By Bill Tamburrino
Ramona High’s girls basketball player Katherine Mauldin, a junior, was selected 2014 Valley League Player of the Year, and five of her teammates earned All Valley League recognition.
All three of Ramona’s captains were selected to the first team: Mauldin, Kailey Hill and Christina Barrameda.
Chiara Mattern made the second team. Kylee Scheib and Hannah Farhat received honorable mention.
“I nominated two players for the Player of the Year, Katherine Mauldin and Kailey Hill, thinking that they might share the honor,” said coach Dan Marshall “The coaches chose Katherine. However, they did say that they all wished that they could have the same problem of having two candidates for Player of the Year,” he added with a chuckle.
Mauldin averaged a double double for the season. She scored a league-high 396 points and averaged 13.2 points a game. Maudlin led the team with 361 rebounds and averaged 12 boards a game. She also played defense and had 43 steals and 10 blocked shots.
“Katherine is the greatest rebounder I have ever coached,” said Marshall. “Her statistics are amazing. Katherine is a double double machine.
“'Tough’ is an over- and misused term to describe players. Being a tough player is often associated with players who act tough by bumping, shoving, tripping, fouling, scowling and trash talking. The true meaning of being tough is best exemplified by Katherine Mauldin. Our quiet captain is a true warrior princess. Toughness is being disciplined. Katherine bumps players on her way to getting double digit rebounds. Katherine gets shoved all of the time and never shoves back. When a player trips, Katherine reaches down and helps them up. Katherine rarely fouls, yet she looks like the other teams’ personal jungle gym with everyone hanging on her. Katherine never scowls, rather she has the look of a focused player. In an era of trash talking and attention- seeking, Katherine speaks with her actions and, in my assessment, she is the most competitive athlete on our campus. Katherine reminds us while winning is important, winning with true toughness and honor is more important.”
Hill also had impressive numbers. The senior power forward scored 326 points and averaged 10.9 points per game, and hauled down 6.5 boards a game. She led the team in steals (73) and blocked shots (43) and had 56 assists. She could score in the paint, drive and she hit 14 3-point shots.
“Kailey Hill is one of the most athletic players I have ever coached.," said Marshall. "It would be her or Bridget Files. Both were multi-sport athletes and both are Division I scholarship athletes. I feel blessed to have coached Kailey. Through the season, teams tried to find someone to stop Kailey. Against smaller, quicker players, Kailey was too strong and explosive. Against bigger players, Kailey was too quick and explosive. And, if want to play off of her, Kailey will stick a 3-pointer. Kailey is a game-changer. Like all great players, Kailey would take over when the team needed her to lead us to victory.”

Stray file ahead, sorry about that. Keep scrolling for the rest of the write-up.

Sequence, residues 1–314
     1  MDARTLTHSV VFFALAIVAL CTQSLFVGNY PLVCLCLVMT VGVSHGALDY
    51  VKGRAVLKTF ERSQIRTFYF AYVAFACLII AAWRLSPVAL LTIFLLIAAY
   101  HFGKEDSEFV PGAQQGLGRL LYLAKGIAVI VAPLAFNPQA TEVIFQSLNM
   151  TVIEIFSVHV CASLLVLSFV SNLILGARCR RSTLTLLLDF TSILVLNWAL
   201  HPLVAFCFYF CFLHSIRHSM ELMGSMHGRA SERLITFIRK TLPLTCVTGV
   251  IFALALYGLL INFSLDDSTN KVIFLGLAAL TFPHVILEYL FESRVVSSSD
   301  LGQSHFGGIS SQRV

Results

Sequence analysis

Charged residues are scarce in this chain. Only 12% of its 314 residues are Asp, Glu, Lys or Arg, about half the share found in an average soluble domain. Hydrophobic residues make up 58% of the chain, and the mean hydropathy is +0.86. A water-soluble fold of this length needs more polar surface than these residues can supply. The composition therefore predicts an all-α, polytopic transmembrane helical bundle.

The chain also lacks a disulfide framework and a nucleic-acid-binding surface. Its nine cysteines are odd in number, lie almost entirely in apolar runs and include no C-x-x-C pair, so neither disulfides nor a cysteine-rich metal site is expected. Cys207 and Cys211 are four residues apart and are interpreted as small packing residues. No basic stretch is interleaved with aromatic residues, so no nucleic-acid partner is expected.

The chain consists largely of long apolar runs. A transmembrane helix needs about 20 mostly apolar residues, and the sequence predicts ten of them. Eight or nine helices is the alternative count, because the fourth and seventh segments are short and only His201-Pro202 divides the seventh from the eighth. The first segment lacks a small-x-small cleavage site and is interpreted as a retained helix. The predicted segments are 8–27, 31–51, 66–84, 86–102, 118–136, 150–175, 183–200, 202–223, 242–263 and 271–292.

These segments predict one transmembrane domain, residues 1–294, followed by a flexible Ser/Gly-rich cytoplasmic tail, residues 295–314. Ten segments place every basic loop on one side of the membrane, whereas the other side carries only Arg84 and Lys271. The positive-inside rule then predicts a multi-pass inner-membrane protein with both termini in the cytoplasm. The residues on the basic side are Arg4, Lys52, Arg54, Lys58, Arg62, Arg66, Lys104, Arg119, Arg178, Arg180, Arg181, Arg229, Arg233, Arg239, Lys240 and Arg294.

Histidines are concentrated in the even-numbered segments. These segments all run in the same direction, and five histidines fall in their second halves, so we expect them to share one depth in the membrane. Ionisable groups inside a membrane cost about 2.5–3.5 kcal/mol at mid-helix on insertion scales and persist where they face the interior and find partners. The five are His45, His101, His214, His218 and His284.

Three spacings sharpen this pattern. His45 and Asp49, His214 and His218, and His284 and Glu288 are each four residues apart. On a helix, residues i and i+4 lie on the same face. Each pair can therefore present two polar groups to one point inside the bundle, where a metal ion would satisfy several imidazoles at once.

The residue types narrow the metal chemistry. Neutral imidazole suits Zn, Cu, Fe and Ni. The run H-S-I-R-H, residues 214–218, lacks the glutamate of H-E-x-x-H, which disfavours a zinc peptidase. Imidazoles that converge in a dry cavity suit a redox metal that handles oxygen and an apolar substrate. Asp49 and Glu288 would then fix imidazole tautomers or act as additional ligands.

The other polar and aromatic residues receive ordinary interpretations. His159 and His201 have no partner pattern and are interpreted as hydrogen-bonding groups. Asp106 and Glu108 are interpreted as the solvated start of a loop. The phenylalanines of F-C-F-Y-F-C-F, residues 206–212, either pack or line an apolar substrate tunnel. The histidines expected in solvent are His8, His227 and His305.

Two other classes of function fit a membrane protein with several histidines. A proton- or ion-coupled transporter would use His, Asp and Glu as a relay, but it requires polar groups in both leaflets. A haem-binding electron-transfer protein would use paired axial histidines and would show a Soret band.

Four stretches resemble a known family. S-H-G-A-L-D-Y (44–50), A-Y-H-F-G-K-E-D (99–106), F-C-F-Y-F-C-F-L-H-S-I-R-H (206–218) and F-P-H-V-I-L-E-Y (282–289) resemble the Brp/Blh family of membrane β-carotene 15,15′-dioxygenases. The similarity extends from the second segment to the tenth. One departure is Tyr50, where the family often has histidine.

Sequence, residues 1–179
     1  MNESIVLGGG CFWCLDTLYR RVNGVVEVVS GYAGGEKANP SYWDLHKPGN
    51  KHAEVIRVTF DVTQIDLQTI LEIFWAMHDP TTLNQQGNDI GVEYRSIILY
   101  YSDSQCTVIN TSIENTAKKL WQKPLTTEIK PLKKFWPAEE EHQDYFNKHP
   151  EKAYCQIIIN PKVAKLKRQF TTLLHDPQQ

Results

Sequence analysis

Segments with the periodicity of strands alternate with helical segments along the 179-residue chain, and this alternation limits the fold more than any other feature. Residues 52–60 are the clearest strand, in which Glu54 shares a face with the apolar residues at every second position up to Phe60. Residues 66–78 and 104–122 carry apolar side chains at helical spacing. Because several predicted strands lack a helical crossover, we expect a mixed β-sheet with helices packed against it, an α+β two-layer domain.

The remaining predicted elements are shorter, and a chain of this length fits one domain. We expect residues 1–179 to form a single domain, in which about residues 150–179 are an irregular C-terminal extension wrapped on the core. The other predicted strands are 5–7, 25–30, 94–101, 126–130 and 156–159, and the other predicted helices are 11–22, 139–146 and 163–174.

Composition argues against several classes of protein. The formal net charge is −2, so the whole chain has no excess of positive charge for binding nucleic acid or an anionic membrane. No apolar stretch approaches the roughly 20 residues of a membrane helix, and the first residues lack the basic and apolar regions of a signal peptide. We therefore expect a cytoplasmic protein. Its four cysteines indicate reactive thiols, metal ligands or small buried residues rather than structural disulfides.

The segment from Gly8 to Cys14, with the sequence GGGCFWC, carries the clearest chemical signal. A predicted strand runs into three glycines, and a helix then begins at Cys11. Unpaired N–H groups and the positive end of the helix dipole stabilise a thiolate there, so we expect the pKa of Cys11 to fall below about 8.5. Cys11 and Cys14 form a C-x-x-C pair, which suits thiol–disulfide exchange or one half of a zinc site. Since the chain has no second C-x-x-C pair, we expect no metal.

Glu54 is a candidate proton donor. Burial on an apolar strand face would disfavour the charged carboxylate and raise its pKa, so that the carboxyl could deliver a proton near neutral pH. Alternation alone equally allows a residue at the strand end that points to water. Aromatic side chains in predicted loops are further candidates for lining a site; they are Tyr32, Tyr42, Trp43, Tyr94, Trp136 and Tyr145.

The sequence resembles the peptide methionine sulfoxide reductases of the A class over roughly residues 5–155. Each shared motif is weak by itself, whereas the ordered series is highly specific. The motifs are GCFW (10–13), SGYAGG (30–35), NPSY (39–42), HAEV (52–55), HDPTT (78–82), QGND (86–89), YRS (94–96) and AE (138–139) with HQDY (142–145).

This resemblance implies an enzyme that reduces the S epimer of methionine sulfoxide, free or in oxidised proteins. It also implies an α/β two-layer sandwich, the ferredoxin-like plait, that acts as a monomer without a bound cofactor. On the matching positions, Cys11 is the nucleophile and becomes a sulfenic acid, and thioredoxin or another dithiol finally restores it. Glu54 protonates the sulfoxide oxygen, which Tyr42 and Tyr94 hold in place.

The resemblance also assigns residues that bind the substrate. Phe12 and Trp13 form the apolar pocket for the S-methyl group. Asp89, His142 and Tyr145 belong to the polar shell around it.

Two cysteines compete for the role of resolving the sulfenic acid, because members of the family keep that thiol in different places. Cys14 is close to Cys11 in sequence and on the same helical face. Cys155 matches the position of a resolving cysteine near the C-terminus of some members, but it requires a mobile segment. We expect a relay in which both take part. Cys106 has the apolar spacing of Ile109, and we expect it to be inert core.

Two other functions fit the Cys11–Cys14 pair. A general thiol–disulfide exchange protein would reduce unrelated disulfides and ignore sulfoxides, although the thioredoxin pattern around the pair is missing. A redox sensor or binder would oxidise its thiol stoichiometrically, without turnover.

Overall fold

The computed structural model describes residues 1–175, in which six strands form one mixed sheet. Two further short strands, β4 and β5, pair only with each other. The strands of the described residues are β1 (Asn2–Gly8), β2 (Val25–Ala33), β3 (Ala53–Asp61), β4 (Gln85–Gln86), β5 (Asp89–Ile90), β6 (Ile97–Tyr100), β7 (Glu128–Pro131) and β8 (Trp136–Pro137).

Barrameda was the straw that stirred the drink. The senior point guard averaged 9.6 points a game and 6.8 boards a game. When teams loaded the paint to stop Mauldin and Hill, she hit 31 3-point shots. When teams pressed, Barrameda took the ball and beat the press. She led the team in assists with 67 and had 69 steals with 13 blocked shots.
“Christina is a coach’s dream,” said Marshall. “Christina is one of my all-time favorite kids to coach. Last year people told me how athletic Christina is on the floor. This year people are talking about how great a basketball player she is. Being athletic is God-given, being a great basketball player comes from being smart, coachable, driven, focused, fearless, tough and out-working everyone, every time you step in the gym. How many players can say they had a perfect game: 22 points, 5/5 in 2-pointers, 4/4 in 3-pointers and none of the shots were inside 10 feet. I look forward to watching her play college ball.”
Mattern made the team as a pure shooter. The freshman shooting guard averaged 9.1 points a game. She was a zone breaker as she hit 51 shots from beyond the arc. She had 26 assists and 44 steals.
Marshall had praise for Mattern: “Chiara is likely the best pure shooter I have ever coached. Of course, Amanda Gray finished her career, as a Bulldog, as our greatest shooter. Chiara could be just as great. The comparison is the ultimate compliment I could give Chiara. Not only is Chiara an amazing shooter, like Amanda, Chiara competes and she is driven to work hard to be successful.”
Scheib averaged 3.3 points a game and grabbed 3.6 boards a game. She dished off 29 assists. Her specialty was defense. She had 51 steals and 10 blocked shots.
”Kylee is one of the best defenders I have ever coached. Her stats do not reflect her true value to our team. In that regard she should be first team all league. During our 19 game-winning streak, Kylee made the big defensive plays to keep the streak alive,” Marshall said.
Hannah Farhat was the sixth teammate. Her specialty was to come off the bench and ignite a spark or shore up the defense. Despite limited playing time, she averaged 3.3 points a game. She had 45 rebounds with 34 assists and 29 steals.
“Hannah is an extremely quick defender with the ability to knock down the 3-point shot. Hannah’s on-the-ball defense drives the opposing point guards nuts,” said the coach.